David Hanson, a commissioner with the city of Chicago’s work force development office, oversees a $30 million budget. He said the city has been working to change trade school curriculums to meet the needs of manufacturers, and has spent $1.5 million so far on the cause.
Another speaker, Anthony Swoope, an administrator in the U.S. Department of Labor’s apprentice training office, said he owes his career to vocational training courses. A former sheet metal worker, he said his training quickly taught him sheet metal was not low-skilled labor.
“I found very quickly it’s an art,” Swoope said. “And with that art comes a lot of skill.”
The Labor Department spends $16 billion annually on work force development, he said, adding that there are 465,000 people working as apprentices nationwide.
Reaching outJim Reeb, a research and development director at Peoria, Ill.-based construction equipment maker Caterpillar, told show attendees they need do more to change the image of manufacturing and get young people interested in such work.
“The image of manufacturing, especially welding, is a dark, dirty occupation,” Reeb said.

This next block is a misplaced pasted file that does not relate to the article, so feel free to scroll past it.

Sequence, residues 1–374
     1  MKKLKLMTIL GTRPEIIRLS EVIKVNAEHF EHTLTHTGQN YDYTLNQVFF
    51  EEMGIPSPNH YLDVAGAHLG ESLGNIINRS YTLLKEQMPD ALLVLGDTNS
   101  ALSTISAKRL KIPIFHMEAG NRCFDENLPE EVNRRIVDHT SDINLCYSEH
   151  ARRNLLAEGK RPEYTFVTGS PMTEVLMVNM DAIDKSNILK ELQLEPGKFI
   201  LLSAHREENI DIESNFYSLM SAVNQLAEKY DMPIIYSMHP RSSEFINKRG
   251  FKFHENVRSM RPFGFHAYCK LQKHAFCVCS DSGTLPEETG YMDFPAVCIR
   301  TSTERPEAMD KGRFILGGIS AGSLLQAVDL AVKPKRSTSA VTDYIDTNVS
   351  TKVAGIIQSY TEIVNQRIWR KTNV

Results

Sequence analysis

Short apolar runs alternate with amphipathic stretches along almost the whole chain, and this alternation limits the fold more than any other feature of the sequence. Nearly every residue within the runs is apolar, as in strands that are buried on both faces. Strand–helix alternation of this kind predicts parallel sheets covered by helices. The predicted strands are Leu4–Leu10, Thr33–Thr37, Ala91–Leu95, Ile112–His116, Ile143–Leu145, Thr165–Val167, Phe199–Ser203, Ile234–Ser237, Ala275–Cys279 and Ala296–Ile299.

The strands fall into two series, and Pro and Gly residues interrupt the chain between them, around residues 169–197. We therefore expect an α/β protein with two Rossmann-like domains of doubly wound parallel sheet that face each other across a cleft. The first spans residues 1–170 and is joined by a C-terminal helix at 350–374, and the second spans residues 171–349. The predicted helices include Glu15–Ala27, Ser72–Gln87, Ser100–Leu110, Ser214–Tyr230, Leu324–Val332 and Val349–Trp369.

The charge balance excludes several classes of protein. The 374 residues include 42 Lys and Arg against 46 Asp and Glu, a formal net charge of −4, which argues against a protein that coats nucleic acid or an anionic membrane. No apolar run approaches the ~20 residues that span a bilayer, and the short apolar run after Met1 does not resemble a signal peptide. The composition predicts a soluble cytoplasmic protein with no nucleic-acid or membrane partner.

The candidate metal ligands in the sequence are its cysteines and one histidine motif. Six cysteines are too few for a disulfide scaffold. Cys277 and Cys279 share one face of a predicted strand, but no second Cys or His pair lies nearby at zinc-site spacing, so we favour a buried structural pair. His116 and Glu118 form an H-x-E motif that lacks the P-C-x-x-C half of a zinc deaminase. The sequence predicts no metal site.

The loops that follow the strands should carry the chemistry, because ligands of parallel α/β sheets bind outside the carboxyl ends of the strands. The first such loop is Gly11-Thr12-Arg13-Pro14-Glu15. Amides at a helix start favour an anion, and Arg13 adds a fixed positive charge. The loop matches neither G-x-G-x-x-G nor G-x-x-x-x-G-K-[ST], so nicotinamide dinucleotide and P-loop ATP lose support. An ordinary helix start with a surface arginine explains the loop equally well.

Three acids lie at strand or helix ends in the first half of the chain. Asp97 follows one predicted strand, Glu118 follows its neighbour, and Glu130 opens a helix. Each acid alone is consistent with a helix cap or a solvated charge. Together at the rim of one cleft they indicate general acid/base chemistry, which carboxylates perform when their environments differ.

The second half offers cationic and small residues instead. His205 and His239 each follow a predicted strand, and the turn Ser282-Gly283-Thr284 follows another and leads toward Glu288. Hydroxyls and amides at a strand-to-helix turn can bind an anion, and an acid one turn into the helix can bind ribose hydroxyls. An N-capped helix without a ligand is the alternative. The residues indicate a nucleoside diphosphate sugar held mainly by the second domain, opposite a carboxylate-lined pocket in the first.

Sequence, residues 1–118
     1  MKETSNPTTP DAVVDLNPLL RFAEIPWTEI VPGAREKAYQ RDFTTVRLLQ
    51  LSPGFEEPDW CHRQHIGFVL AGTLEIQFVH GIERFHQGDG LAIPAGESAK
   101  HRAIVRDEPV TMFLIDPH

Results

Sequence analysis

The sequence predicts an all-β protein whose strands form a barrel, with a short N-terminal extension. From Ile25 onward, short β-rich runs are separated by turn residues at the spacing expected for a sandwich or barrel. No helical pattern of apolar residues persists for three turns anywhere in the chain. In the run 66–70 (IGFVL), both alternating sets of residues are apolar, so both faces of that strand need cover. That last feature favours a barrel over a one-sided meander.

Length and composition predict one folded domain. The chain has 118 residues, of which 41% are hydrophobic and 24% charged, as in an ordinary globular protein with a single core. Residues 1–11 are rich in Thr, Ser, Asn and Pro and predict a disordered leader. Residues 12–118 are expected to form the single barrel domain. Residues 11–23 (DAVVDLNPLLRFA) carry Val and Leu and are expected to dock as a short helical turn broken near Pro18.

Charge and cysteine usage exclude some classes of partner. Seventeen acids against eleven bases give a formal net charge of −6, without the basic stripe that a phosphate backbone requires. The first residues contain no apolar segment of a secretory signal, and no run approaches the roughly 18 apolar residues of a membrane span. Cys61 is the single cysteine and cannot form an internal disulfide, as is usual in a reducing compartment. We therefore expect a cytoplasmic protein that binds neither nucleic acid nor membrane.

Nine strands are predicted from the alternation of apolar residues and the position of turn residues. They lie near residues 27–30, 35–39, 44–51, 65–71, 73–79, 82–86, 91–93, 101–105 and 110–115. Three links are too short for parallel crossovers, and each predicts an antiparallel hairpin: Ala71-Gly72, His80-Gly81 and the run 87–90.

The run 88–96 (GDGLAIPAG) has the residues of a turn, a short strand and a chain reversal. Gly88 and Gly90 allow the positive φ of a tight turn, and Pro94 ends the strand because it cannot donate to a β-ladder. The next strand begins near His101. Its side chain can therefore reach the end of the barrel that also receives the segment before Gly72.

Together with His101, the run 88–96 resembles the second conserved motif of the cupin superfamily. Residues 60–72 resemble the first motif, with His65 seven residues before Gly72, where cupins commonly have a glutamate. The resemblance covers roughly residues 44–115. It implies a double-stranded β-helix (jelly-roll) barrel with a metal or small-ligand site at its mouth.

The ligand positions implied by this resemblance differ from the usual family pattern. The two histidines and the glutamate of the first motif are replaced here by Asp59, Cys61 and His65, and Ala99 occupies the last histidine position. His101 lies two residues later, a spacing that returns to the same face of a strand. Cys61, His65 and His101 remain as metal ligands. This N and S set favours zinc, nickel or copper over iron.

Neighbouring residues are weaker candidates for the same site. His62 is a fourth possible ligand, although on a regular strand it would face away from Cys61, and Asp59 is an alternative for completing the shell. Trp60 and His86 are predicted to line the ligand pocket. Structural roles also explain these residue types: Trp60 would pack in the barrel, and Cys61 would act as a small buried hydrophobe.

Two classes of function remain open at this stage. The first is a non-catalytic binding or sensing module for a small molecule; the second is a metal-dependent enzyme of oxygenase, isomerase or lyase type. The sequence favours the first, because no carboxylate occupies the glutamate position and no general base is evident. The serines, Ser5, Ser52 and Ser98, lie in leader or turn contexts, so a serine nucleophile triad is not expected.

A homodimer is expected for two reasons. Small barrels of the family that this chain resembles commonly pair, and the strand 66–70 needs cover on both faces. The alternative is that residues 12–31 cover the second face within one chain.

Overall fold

He told the audience, many of whom acknowledged they didn’t want their children to go into manufacturing, that they were part of “the problem.”
He cited statistics that say 50 percent of those who enter college eventually drop out. These people are ideal candidates for manufacturing careers, Reeb said. Getting more of them interested in the field could end the perpetual worker shortage, he added.
“Get them into your factories,” Reeb said, urging the industry to get smarter at community public relations work. “You really need to promote it.”
He also urged manufacturers to do more to include women and minorities in outreach programs.
“You’ve got to have an inclusive culture. You need to embrace people from all walks of life,” Reeb said.
For reprints of this article, contact Jill DeVries at (248) 244-1726 or e-mail email@example.com.
Sidebar - Lots of new products on displayFabtech filled two halls of Chicago’s McCormick Place convention center with plenty of new products. Since the show covered the full range of metal forming and fabricating, not everything was aimed at sheet metal contractors, but there was plenty that was for them